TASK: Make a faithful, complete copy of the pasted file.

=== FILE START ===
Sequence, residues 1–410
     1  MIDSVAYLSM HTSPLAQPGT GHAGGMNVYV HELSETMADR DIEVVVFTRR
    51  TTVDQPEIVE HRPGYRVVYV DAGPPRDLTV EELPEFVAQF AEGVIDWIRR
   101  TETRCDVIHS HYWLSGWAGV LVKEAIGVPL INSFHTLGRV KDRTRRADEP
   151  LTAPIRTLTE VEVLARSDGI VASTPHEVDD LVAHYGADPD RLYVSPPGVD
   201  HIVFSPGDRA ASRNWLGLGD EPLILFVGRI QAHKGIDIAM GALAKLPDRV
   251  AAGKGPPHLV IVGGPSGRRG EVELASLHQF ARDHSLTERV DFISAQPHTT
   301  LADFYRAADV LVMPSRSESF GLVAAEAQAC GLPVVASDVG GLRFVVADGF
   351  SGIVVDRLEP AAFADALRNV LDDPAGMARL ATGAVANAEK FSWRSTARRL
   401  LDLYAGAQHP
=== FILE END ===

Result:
Sequence, residues 1–410
     1  MIDSVAYLSM HTSPLAQPGT GHAGGMNVYV HELSETMADR DIEVVVFTRR
    51  TTVDQPEIVE HRPGYRVVYV DAGPPRDLTV EELPEFVAQF AEGVIDWIRR
   101  TETRCDVIHS HYWLSGWAGV LVKEAIGVPL INSFHTLGRV KDRTRRADEP
   151  LTAPIRTLTE VEVLARSDGI VASTPHEVDD LVAHYGADPD RLYVSPPGVD
   201  HIVFSPGDRA ASRNWLGLGD EPLILFVGRI QAHKGIDIAM GALAKLPDRV
   251  AAGKGPPHLV IVGGPSGRRG EVELASLHQF ARDHSLTERV DFISAQPHTT
   301  LADFYRAADV LVMPSRSESF GLVAAEAQAC GLPVVASDVG GLRFVVADGF
   351  SGIVVDRLEP AAFADALRNV LDDPAGMARL ATGAVANAEK FSWRSTARRL
   401  LDLYAGAQHP